In ancient Egypt the dome of the sky was represented by the goddess Nut, She was the night sky, and the sun, the god Ra, was born from her every morning.
From Aristotle Libri de caelo (1519).
The mechanicistic paradigm which systematically revealed physical structure in analogy with the artificial. The self-functioning automaton - basis and canon of the form of the Universe. Newton Principia, 1687
We are all living inside a gigantic computer. No, not The Matrix: the Universe.
Every process, every change that takes place in the Universe, may be considered as a kind of computation.
E Fredkin, S Wolfram
“You see, you have all of mathematical truth, this ocean of mathematical truth. And this ocean has islands. An island here, algebraic truths. An island there, arith-metic truths. An island here, the calculus. And these are different fields of mathemat-ics where all the ideas are interconnected in ways that mathematicians love; they fallinto nice, interconnected patterns.
But what I've discovered is all this sea around the islands.”Gregory Chaitin, an interview, September 2003
What is Critical Thinking?
Critical thinking is rationally deciding what to believe or do. To rationally decide something is to evaluate claims to see whether they make sense, whether they are coherent, and whether they are well-founded on evidence, through inquiry and the use of criteria developed for this purpose.
How Do We Think Critically?
First, we ask a question about the issue that we are wondering about. For example, "Is there right and wrong?"
B. Answer (hypothesis)
Next, we propose an answer or hypothesis for the question raised.
A hypothesis is a "tentative theory provisionally adopted to explain certain facts." We suggest a possible hypothesis, or answer, to the question posed.
For example, "No, there is no right and wrong."
Testing the hypothesis is the next step. With testing, we draw out the implications of the hypothesis by deducing its consequences (deduction). We then think of a case which contradicts the claims and implications of the hypothesis (inference).
For example, "So if there is no right or wrong, then everything has equal moral value (deduction); so would the actions of Hitler be of equal moral value to the actions of Mother Theresa (inference)? as Value nihilism ethics claims"
1. Criteria for truth
Criteria are used for testing the truth of a hypothesis. The criteria may be used singly or in combination.
a. Consistent with a precondition
Is the hypothesis consistent with a precondition necessary for its own assertion?
For example, is the assertion "there is no right or wrong" made possible only by assuming a concept of right or wrong - namely, that it is right that there is no right or wrong and that it is wrong that there is right or wrong?
b. Consistent with itself
Is the hypothesis consistent with itself?
For example, is the assertion that "there is no right or wrong" itself an assertion of right or wrong?
c. Consistent with language
Is the hypothesis consistent with the usage and meaning of ordinary language?
For example, do we use the words "right" or "wrong" in our language and do the words refer to concepts and meanings which we consider "right" and "wrong"?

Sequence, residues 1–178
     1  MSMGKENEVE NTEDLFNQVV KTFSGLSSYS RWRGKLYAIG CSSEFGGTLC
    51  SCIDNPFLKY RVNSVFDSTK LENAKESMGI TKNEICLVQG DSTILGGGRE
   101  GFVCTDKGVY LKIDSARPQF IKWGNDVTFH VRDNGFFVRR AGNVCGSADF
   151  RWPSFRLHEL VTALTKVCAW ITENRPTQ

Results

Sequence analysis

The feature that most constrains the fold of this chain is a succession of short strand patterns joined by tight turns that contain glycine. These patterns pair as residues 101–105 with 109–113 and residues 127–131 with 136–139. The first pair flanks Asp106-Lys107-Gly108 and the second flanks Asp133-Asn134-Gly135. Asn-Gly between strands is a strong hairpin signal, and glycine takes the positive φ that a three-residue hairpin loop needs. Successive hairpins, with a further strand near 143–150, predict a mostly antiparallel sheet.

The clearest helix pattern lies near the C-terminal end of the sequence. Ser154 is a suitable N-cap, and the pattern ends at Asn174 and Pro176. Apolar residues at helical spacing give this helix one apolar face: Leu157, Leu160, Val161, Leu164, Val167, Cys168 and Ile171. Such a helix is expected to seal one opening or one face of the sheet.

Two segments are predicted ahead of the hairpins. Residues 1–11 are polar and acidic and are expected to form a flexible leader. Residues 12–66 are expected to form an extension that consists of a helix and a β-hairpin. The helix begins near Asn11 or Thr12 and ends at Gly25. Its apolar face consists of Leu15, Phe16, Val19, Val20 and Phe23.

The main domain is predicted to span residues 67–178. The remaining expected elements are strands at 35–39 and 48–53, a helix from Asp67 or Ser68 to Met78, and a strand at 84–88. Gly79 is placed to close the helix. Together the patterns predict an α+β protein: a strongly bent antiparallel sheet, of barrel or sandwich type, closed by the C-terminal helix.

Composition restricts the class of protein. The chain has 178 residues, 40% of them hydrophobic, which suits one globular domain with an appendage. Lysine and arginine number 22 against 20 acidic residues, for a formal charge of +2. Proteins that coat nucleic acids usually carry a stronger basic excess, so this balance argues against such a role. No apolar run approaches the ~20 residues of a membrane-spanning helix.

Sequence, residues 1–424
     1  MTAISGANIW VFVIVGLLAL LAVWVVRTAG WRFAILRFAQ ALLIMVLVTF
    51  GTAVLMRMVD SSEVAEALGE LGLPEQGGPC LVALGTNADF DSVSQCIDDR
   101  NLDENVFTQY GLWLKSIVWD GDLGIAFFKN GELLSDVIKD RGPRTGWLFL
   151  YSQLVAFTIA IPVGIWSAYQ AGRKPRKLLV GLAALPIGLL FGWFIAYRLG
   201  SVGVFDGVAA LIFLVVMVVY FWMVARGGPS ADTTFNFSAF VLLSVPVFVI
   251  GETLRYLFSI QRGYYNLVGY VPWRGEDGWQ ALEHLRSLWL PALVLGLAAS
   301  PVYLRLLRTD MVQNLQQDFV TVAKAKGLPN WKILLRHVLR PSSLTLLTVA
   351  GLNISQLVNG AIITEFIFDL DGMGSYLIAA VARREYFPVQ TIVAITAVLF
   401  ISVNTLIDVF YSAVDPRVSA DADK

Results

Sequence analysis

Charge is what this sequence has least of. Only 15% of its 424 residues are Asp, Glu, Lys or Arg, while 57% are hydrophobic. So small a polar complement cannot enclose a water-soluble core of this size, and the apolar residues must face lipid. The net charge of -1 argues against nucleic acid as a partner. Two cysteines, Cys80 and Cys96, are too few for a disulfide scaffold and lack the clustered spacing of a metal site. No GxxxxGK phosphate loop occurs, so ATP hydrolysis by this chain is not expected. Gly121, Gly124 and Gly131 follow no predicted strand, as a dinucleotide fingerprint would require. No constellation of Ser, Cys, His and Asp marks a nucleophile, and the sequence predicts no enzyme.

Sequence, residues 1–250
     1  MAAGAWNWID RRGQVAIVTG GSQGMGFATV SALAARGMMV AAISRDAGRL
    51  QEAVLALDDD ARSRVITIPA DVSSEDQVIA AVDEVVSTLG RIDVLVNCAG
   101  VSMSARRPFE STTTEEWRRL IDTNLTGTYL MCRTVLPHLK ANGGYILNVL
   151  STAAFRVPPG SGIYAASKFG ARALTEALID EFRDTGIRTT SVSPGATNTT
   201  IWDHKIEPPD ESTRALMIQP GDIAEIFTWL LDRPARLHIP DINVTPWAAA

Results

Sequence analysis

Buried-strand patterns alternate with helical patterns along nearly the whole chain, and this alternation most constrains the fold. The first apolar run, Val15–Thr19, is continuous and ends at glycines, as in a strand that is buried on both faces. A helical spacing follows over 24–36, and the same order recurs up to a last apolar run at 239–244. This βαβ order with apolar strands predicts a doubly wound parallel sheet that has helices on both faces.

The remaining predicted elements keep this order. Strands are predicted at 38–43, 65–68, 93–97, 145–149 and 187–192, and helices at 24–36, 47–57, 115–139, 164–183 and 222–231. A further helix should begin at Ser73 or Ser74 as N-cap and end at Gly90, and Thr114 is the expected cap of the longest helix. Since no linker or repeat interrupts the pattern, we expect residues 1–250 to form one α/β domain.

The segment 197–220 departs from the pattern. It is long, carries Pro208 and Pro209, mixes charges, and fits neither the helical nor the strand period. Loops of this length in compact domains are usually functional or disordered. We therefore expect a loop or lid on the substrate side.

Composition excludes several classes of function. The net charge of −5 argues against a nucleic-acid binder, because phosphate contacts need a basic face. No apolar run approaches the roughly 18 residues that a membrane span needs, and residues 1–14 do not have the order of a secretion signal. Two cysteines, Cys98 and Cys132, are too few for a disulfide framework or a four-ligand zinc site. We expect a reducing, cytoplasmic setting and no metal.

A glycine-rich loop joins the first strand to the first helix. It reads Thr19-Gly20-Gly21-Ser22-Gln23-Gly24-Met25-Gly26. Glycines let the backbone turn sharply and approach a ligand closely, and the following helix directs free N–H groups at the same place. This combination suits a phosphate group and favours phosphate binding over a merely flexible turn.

d. Consistent with experience
Is the hypothesis consistent with experience?
For example, do people really live as if there is no right or wrong?
e. Consistent with the consequences
Is the hypothesis consistent with its own consequences, can it actually bear the burden of being lived?
For example, what would the consequences be if everyone lived as if there was no right or wrong?
What is truth? Not a simple question to answer, but this excellent page at the Internet Encyclopedia of Philosophy will help show you the way. http://www.utm.edu/research/iep/t/truth.htm
A pseudoscience is set of ideas and activities resembling science but based on fallacious assumptions and supported by fallacious arguments.
Martin Gardner: Fads and Fallacies in the Name of Science
Motivations for the advocacy or promotion of pseudoscience range from simple naivety about the nature of science or of the scientific method, to deliberate deception for financial or other benefit. Some people consider some or all forms of pseudoscience to be harmless entertainment. Others, such as Richard Dawkins, consider all forms of pseudoscience to be harmful, whether or not they result in immediate harm to their followers.
Typically, pseudoscience fails to meet the criteria met by science generally (including the scientific method), and can be identified by one or more of the following rules of thumb:
ETs & UFOs
Divination (fortune telling)
Velikovsky's, von Däniken's,and Sitchen's theories
Occult & occultism
http://skepdic.com/The Skeptic's Dictionary,
The Swedish Skeptic movement (in Swedish)
Scientific Evidence For Evolution
Scientific American, July 2002: 15 Answers to Creationist Nonsense
Human Genome, Nature 409, 860 - 921 (2001)
After more than a century of active dialogue, the question of what marks the boundary of science remains fundamentally unsettled. As a consequence the issue of what constitutes pseudoscience continues to be controversial. Nonetheless, reasonable consensus exists on certain sub-issues.
Criteria for demarcation have traditionally been coupled to one philosophy of science or another.
Logical positivism, for example, supported a theory of meaning which held that only statements about empirical observations are meaningful, effectively asserting that statements which are not derived in this manner (including all metaphysical statements) are meaningless.
Karl Popper attacked logical positivism and introduced his own criterion for demarcation, falsifiability.
Thomas Kuhn and Imre Lakatos proposed criteria that distinguished between progressive and degenerative research programs.